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we screened the susceptibility loci for Myocardial infarction (MI) using exome sequencing and validated candidate variants in replication sets. We identified that three genes (GYG1, DIS3L and DDRGK1) were associated with MI at the discovery and replication stages.
We present functional evidence for the pathogenicity of a novel GYG1 missense mutation located in the substrate binding domain.
This study found a single homozygous intronic mutation of GYG1 harbored by five patients, who, except for two siblings, appear to be unrelated but all five live in central or south Sardinian villages.
Depletion of glycogenin-1 and impaired interaction with glycogen synthase underlies a new form of glycogen storage disease.
The glucosylation of glycogenin-2 was enhanced to 2-4 glucose units by the co-presence of enzymatically active glycogenin-1.
results explain the glycogen depletion in the patient expressing only Thr83Met glycogenin-1 and why heterozygous carriers without clinical symptoms show a small proportion of unglucosylated glycogenin-1
Results show that glycogenin becomes inactivated with glycogen catabolism and that this event coincides with an increase in glycogenin gene expression as exercise and glycogenolysis progress.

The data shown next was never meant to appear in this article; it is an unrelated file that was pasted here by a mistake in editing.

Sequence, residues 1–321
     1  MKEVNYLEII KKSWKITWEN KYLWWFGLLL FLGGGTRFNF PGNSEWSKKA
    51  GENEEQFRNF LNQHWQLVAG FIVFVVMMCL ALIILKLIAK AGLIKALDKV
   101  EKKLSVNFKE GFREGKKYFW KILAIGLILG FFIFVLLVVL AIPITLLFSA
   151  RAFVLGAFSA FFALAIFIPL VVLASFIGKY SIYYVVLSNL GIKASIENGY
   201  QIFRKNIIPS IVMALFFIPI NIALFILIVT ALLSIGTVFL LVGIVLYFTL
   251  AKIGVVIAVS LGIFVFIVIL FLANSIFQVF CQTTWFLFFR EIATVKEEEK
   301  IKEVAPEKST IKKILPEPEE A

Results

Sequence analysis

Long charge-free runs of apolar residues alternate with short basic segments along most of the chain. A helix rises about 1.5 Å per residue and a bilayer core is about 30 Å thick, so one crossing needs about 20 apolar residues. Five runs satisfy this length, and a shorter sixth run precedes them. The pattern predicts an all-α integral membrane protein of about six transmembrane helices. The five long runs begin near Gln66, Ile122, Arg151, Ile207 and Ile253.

during recovery from prolonged exhaustive exercise, glycogenin mRNA and protein content and activity increase in muscle
GN-1 is conserved, possibly as very small, or nascent, granules when glycogen concentration is low. This would provide the ability to rapidly restore glycogen during early recovery.
the essential role of the lost single hydrogen bond for UDP-glucose activation leading to glycogenin-bound glycogen primer synthesis
This gene encodes a member of the glycogenin family. Glycogenin is a glycosyltransferase that catalyzes the formation of a short glucose polymer from uridine diphosphate glucose in an autoglucosylation reaction. This reaction is followed by elongation and branching of the polymer, catalyzed by glycogen synthase and branching enzyme, to form glycogen. This gene is expressed in muscle and other tissues. Mutations in this gene result in glycogen storage disease XV. This gene has pseudogenes on chromosomes 1, 8 and 13 respectively. Alternatively spliced transcript variants encoding different isoforms have been identified.
, glycogenin glucosyltransferase
, glycogenin 1